(Bloomberg) -- The chief U.S. auto safety regulator defended a voluntary agreement with carmakers to add automatic braking systems, saying that making the change mandatory would take too much time.
"Too often safety efforts have been limited to what the government could force industry to do," Mark Rosekind, head of the National Highway Transportation Safety Administration, said. "This is a new model for safety. Instead of a fight over setting a floor for safety, this asks companies to aim higher."
Under the terms of the agreement, major automakers representing 99 percent of U.S. sales will equip cars and trucks with automatic emergency braking systems designed to detect and prevent crashes without driver action. The technology will be a standard feature on all new vehicles by the end of 2022.
The voluntary agreement will bring the technology to market two years sooner than if they tried to do it by regulation, Rosekind said at an event held at the Federal Highway Administration test track in McLean, Virginia. In the two years it would have taken to get a regulation fully implemented, the technology will prevent 28,000 crashes and 12,000 injuries, NHTSA estimates.
One of the harshest critics of Thursday’s announcement, consumer advocate Joan Claybrook, preceded Rosekind as head of NHTSA in the 1970s. Relying on voluntary agreements undermines NHTSA’s credibility, discourages the agency’s independent research and may lead Congress to reduce funding, she said.
NHTSA is allowing an industry that has been buffeted by compliance scandals like GM’s faulty ignition switch, Takata Corp.’s exploding air bags, and Volkswagen AG’s emissions cheating to set its own terms. Consumer groups like the Center for Auto Safety and Advocates for Highway and Auto Safety, which provide extensive written comments to every regulatory proposal, had no role in the negotiations, she said.
“These companies can cheat,” Claybrook said. “For them, the best part is they’re avoiding regulation.”
Advocates who are asking for NHTSA to only govern by regulation are tied to “models of the past,” said Deborah Hersman, president and CEO of the National Safety Council.
“The reality is the automakers are rolling out the technology so quickly there’s no way regulators can keep up. We’ve got to embrace the technology and push it forward," said Hersman, who until 2014 served as chairman of the National Transportation Safety Board.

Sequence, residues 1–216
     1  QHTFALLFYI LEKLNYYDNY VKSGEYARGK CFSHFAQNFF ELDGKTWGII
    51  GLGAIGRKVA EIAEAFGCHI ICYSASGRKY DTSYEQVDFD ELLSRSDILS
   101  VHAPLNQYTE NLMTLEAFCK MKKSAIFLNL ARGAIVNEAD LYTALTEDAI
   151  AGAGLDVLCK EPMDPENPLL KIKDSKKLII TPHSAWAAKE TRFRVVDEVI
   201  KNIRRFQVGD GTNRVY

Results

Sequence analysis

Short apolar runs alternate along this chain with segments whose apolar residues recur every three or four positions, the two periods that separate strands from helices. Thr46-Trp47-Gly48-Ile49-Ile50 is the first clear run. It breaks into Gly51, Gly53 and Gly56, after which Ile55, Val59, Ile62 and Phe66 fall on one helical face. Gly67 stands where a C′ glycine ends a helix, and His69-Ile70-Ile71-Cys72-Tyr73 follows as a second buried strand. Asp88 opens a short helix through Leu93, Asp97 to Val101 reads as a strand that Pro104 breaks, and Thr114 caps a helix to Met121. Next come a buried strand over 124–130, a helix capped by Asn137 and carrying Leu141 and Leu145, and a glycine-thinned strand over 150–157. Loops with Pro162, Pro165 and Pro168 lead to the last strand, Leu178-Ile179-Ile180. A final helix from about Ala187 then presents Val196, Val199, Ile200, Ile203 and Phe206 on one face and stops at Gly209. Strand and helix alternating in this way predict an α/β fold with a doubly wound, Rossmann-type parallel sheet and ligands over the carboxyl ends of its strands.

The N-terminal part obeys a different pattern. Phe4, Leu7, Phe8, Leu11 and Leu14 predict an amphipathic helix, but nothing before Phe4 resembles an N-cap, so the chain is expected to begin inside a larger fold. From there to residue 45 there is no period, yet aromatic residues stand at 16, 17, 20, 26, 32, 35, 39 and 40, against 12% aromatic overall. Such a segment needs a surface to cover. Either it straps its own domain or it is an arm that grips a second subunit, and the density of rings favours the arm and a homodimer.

The advanced braking systems will be standard on virtually all light-duty cars and trucks with a gross vehicle weight of as much as 8,500 pounds (3,856 kilograms) no later than Sept. 1, 2022. It will be standard on virtually all trucks with a gross vehicle weight as much as 10,000 pounds (4,536 kilograms) no later than Sept. 1, 2025.
Automakers making the commitment are General Motors Co., Ford Motor Co., Toyota Motor Corp., Tesla Motors Inc., BMW AG, Daimler AG, Mazda Motor Corp., Volvo Cars, Volkswagen AG, FCA US LLC, Honda Motor Co., Hyundai Motor Co., Jaguar Land Rover Automotive Plc., Kia Motors Corp., Maserati Spa, Mitsubishi Motors Corp., Nissan Motor Co.and Subaru Motors Co. VW brands Audi and Porsche were also included in the agreement.
Consumer Reports, the non-profit product testing organization, will assist in monitoring automaker progress toward meeting the commitment. Jake Fisher, the group’s director of automotive testing, said Thursday consumer surveys show many magazine subscribers have experience automatic braking in the real world, and they’re crediting it with saving lives.
“The technology has proven itself,” Fisher said. “People who experience it are sold. They become advocates.”
U.S. Transportation Department regulators and the insurance industry have been in talks since last year on voluntary commitments that would cover most new models. Automatic emergency braking systems use radar or other sensors to detect an imminent crash and, if needed, engage the brakes to avoid or minimize the impact of a rear-end collision.
The systems are designed to respond quicker than human reflexes in a crash situation. Human error is responsible for 94 percent of all traffic crashes, according to NHTSA.
Jack Salzwedel, chairman of the Insurance Institute for Highway Safety and CEO of American Family Mutual Insurance, said the adoption of technology could lead to discounter policies.
“Deploying AEB on a wide scale will allow us to further evaluate the technology’s effectiveness and its impact on insurance losses, so that more insurers can explore offering discounts or lower premiums to consumers who choose AEB-equipped vehicles,” he said in a statement.
Automakers won’t be subject to any kind of penalty if they don’t live up to the agreement, the way they would if they didn’t comply with a regulation, Rosekind said.
Market pressure on the industry will ensure compliance, he said, citing the agency’s public crash-test ratings and IIHS tests. Once automakers start to compete with each other for better scores, they don’t go back, he said.
Still, if the agency isn’t satisfied with the industry’s moves, regulation is still a possibility.
“We haven’t given anything up” Rosekind said. “If this doesn’t get done as fast as they say, we can always do rulemaking.”
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